Church Hunting

Two months ago, we moved for the fifth time in two-and-a-half years. The hubs and I are thrilled with our new location; we love the dramatic decrease in traffic and how quiet it is once you finally hit true suburbia. Besides the usual pains of moving and the extreme pain of breaking a lease, we have transitioned here rather smoothly.

But on Sundays, we’ve had to face what I believe is absolutely the worst part of moving: finding a new church.

We aren’t strangers to church hunting. When we first moved to Maryland after leaving our beloved church in Morgantown, WV, we looked for a solid three months before we found McLean Bible Church, Montgomery County Campus.

Leaving our church in Morgantown was difficult, but leaving McLean has been significantly harder. It’s not that our church in Morgantown didn’t have solid teaching, because it absolutely did. It’s that McLean’s teaching is through-the-roof solid (David Platt, anyone?), and the people we have met there and served with have been so insanely in love with Jesus that they made me more in love with Jesus. And that just felt right.

So far, I’ve narrowed our church options here to three. Each church only has one service on Sundays, each church is very small, and each church seems to have a small-ish population of people in the same stage of life as us—which, to be fair, is true of most evangelical churches, since there seems to be very few married couples our age who don’t yet have children.

I recently read a Desiring God article entitled “Love the One You’re With.” As tempted as I am to drive an hour every Sunday to continue attending McLean—a church I love and will always love—I know that we can be used here in our new city, and we have to love the church we’re with. Even though it hurts to leave, it’s encouraging to remember that this isn’t our home. We are sojourners, nomads, wanderers, and we must serve God however we can in the different places He puts us. Our only permanent residency is in heaven—and we’re already part of that church. Oh, how my heart longs for it!

I leave you with lyrics from one of my favorite Thrice songs again, and this time, I have a good feeling you’ll enjoy it, so take a watch and a listen after the lyrics.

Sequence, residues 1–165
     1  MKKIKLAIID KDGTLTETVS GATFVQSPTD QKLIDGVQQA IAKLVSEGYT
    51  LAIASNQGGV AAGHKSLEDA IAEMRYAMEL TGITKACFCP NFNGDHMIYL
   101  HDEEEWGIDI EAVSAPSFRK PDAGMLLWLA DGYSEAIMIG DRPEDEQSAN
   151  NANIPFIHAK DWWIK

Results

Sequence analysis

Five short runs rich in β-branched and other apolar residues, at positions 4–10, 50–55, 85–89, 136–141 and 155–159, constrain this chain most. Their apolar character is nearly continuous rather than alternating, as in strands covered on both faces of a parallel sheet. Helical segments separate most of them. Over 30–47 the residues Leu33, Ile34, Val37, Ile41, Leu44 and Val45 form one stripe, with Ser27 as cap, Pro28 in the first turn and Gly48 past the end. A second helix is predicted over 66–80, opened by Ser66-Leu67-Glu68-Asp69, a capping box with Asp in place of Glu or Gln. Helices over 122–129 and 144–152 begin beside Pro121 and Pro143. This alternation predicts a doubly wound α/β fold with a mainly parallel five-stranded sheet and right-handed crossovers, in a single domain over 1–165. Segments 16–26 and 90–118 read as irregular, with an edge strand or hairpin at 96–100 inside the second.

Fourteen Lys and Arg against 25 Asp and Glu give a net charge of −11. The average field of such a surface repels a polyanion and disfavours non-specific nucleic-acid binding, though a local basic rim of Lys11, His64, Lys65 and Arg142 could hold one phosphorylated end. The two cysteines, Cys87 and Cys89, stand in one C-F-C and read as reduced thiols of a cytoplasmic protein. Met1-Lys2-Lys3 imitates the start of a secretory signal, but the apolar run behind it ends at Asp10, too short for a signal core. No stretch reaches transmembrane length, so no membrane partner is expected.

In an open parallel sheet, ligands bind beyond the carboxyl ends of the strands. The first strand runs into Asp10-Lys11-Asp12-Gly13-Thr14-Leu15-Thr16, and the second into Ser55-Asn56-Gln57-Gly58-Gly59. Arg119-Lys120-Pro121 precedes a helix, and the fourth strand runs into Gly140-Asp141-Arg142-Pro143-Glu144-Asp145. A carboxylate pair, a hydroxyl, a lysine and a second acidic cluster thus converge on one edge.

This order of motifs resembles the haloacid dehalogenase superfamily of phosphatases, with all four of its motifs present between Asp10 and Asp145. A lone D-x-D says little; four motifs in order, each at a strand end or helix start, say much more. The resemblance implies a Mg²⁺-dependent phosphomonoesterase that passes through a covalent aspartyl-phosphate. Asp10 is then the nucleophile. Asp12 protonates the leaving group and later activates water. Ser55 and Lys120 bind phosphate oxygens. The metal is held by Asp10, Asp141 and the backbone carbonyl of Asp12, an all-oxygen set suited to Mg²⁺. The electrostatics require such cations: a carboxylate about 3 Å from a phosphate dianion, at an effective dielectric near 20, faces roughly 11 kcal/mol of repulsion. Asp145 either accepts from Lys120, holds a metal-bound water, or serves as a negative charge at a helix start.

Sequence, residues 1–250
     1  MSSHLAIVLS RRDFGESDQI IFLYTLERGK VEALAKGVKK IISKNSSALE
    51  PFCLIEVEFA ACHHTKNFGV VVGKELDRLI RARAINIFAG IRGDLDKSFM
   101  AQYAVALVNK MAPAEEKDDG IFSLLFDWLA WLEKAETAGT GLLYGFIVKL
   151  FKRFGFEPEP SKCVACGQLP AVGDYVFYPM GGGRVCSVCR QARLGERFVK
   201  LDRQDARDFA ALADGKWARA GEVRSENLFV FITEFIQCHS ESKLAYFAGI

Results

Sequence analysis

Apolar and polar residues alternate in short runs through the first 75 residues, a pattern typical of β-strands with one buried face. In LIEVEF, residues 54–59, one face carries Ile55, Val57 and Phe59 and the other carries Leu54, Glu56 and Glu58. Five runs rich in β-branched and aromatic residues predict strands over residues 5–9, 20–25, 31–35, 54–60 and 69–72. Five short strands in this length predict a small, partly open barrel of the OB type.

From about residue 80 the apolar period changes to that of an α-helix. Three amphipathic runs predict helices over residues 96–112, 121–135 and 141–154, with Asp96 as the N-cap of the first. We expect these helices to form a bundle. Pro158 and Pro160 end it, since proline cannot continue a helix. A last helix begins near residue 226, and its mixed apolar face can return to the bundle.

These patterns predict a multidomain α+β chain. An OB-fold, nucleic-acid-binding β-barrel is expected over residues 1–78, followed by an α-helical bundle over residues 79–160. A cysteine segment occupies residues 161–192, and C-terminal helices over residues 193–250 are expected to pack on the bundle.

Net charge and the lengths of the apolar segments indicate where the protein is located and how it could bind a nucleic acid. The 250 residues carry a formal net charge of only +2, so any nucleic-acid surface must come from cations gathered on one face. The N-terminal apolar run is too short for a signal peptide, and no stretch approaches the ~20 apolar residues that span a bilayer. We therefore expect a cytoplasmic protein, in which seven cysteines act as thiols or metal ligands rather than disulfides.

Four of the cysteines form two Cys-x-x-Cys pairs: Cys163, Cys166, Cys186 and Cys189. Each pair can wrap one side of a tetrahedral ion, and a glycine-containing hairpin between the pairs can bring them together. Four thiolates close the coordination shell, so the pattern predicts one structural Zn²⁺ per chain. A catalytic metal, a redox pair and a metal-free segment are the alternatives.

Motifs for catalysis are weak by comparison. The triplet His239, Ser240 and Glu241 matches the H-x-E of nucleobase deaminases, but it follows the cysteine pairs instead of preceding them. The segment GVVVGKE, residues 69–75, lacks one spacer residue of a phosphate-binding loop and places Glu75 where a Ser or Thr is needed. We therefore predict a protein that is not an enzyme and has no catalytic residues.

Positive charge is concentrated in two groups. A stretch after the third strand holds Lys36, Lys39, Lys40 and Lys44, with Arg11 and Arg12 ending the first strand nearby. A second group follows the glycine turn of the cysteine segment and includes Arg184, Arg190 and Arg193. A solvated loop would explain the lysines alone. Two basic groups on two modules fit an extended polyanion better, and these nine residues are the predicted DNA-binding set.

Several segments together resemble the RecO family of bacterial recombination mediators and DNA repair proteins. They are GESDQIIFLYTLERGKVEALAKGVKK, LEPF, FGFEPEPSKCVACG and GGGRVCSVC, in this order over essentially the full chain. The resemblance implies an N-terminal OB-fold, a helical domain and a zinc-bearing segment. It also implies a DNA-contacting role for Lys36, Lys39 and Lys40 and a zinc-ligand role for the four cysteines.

In Exile

I am an exile, a sojourner—a citizen of some other place.

All I’ve seen is just a glimmer in a shadowy mirror,

But I know one day I’ll see face to face.


I am a nomad—a wanderer; I have nowhere to lay my head down.

There’s no point in putting roots too deep when I’m moving on;

I’m not settling for this unsettling town.


My heart is filled with songs of forever—

Of a city that endures, where all is made new.

I know I don’t belong here; I’ll never

Call this place my home, I’m just passing through.



Grace & Such strives to advance Christian growth among women. While we believe the Bible is the inspired Word of God, we also recognize human interpretations are imperfect. Grace & Such encourages our readers to open their Bibles, pray for wisdom and study for themselves what the Word says. For more about who we are, please visit the About Us page.
Natalie Liounis
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  1. Diane Tarantini on November 24, 2017 at 1:54 PM

    Great post, Natalie. I for one cannot imagine moving FIVE times, especially at your young age!! And the church search can indeed be so hard!! I hope you find a place that feels like home.
    I’m curious, where did you attend when you all were here in Motown?

    • Natalie Liounis on November 24, 2017 at 5:46 PM

      We attended Chestnut Ridge. So we went back and forth between Chestnut and McLean when we moved the last several times. But I’m happy to report that we have decided on a church here 🙂 It’s less than a year old, and it’s TINY, so we’re excited to be part of a church in its infancy!

  2. Gretchen Hanna on December 1, 2017 at 12:00 PM

    Wow. Thank you for the reminder to bloom where we are planted. On a post I read yesterday, Brandon Hatmaker (a pastor) encouraged church employees/leadership to not be bitter when one of their staff left. He said something to the effect of “God works in other places, too.” I think this society and our global access to so much through the internet makes us tempted to want to do what the other guy is doing in the next town (which may be amazing, like in your circumstance); however, God works in other places, too. May this be the last move you need to make for a good while, friend.

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